You are still postpartum and going through the same recovery process as any other mother, even if you did not bring your baby home. You will still have the typical hormonal changes and mood swings in addition to the physical changes, and all that in addition to the grief you are experiencing. Be generous with yourself and allow others to help in any way they offer. Please note: You are at a higher risk for postpartum depression if you have suffered the loss of a child. Please call your doctor immediately if you think you may have it. There is medical help available.

Drying up Milk: If you are uncomfortable and not sure what to do, the best thing would be to call your doctor or a local lactation consultant. To suppress lactation, lactation consultants often encourage pumping only when you feel uncomfortable, and just enough to relieve pressure from your breasts. It is usually helpful to have a lot of pressure on your chest to suppress letdown reflexes, and lining your bra with cabbage leaves, as well as drinking sage tea, is also thought to help with engorgement. Check this website for more ideas.

Donating Milk: Preterm milk is pumped from a mother whose baby is born before about 36 weeks. It is thought to be even more nutrient dense than regular breast milk because of the unique needs of preterm babies. Either way, breast milk can be very good for babies and can be purchased from milk banks by parents whose child is preterm or in the hospital for another reason. Often there is some reason the mother is not able to produce milk herself. You can choose to pump your milk and donate it to a milk bank. You will have to be screened for health problems before donating and there will likely be many requirements, but some mothers choose to do this as a way to honor their baby. It will likely be very emotionally painful at times, and it’s also important to keep in mind the normal restraints of pumping breast milk, such as medication restrictions and the added hassle of toting around the equipment wherever you go.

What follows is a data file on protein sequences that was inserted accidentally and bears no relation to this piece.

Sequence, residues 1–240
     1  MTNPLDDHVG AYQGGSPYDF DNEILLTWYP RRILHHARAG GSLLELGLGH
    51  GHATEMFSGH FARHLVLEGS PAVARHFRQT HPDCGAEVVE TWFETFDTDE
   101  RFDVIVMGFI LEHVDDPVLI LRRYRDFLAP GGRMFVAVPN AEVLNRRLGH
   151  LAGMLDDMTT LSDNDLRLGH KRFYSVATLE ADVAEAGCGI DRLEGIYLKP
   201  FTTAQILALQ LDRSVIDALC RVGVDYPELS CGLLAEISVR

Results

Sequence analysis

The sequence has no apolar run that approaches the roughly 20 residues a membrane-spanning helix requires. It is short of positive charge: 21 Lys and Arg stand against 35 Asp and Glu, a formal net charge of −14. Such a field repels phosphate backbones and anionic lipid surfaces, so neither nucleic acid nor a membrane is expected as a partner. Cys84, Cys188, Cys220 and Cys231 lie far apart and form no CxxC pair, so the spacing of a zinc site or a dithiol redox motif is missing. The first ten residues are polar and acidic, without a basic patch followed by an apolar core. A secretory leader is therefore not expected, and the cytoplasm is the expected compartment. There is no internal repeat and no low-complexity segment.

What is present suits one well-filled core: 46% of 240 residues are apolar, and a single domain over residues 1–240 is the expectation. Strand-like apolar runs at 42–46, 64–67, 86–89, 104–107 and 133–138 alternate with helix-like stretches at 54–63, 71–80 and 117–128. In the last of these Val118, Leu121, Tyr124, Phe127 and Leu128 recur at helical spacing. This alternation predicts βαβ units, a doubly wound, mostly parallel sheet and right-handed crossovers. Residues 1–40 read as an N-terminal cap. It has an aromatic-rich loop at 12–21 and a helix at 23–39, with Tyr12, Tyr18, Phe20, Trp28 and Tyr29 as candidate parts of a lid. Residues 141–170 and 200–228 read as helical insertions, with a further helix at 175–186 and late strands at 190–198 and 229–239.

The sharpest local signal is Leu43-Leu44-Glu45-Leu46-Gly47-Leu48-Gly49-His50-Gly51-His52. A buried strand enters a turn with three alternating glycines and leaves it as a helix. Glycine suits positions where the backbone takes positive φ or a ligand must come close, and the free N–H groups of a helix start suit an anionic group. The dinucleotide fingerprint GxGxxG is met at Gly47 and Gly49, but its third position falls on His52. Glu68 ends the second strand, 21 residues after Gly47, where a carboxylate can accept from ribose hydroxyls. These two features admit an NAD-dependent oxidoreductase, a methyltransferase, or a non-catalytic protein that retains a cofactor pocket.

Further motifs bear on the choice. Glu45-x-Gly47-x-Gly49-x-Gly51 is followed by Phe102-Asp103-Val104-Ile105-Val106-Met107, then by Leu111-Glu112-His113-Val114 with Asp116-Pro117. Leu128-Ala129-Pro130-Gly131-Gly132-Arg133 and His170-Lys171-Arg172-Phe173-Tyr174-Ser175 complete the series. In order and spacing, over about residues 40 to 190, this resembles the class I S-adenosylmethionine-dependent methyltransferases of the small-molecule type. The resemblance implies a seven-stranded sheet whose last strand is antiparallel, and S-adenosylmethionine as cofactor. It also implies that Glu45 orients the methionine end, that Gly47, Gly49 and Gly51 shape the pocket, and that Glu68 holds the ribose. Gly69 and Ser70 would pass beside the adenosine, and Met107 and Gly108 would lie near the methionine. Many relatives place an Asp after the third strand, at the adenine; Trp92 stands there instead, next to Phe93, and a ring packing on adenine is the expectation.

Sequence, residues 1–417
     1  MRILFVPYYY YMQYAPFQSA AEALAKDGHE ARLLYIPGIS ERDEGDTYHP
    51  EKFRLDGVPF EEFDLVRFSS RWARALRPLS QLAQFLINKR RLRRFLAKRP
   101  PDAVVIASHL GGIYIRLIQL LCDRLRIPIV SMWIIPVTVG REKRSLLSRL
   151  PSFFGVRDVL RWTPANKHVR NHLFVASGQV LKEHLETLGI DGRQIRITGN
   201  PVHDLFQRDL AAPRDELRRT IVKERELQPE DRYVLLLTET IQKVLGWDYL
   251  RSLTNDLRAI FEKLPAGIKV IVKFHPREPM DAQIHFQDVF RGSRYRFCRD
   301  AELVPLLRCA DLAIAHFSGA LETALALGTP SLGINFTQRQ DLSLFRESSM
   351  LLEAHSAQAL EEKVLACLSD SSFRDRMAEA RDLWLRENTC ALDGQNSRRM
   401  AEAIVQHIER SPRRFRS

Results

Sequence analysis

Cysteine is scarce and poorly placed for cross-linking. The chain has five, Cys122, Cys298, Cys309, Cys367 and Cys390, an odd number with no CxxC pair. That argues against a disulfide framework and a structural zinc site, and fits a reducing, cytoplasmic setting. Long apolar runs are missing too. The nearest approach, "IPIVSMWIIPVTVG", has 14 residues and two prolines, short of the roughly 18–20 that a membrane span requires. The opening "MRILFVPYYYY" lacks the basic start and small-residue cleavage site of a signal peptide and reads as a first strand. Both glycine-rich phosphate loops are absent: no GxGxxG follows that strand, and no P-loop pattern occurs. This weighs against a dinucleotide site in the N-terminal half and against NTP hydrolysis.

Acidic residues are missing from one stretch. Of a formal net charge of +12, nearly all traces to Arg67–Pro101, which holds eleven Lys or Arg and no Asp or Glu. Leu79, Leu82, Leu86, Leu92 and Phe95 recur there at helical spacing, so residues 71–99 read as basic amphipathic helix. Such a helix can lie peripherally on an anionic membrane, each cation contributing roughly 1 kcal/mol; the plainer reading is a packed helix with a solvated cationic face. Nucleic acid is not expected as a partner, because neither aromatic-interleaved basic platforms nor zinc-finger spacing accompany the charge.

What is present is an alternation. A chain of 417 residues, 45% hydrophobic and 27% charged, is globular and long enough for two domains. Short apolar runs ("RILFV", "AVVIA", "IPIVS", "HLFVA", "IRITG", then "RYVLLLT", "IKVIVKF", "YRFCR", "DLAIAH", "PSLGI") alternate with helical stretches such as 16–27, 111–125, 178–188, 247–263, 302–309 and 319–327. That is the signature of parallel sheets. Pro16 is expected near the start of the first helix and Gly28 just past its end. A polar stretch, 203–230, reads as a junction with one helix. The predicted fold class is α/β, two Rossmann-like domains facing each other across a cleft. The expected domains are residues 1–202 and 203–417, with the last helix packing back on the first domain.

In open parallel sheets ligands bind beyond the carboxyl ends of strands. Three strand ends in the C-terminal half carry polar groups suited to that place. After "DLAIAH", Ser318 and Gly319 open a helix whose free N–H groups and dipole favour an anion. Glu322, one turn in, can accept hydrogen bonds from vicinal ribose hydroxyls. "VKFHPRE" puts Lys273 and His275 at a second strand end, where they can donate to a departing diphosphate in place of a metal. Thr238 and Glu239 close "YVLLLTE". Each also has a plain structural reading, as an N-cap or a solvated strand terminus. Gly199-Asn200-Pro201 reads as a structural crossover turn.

Whatever you decide in regards to your milk supply, your health is the most important. So if you are going to lose sleep and make life more difficult for yourself, please make sure you discuss your decision with others and pray that you choose what is best for you and your family.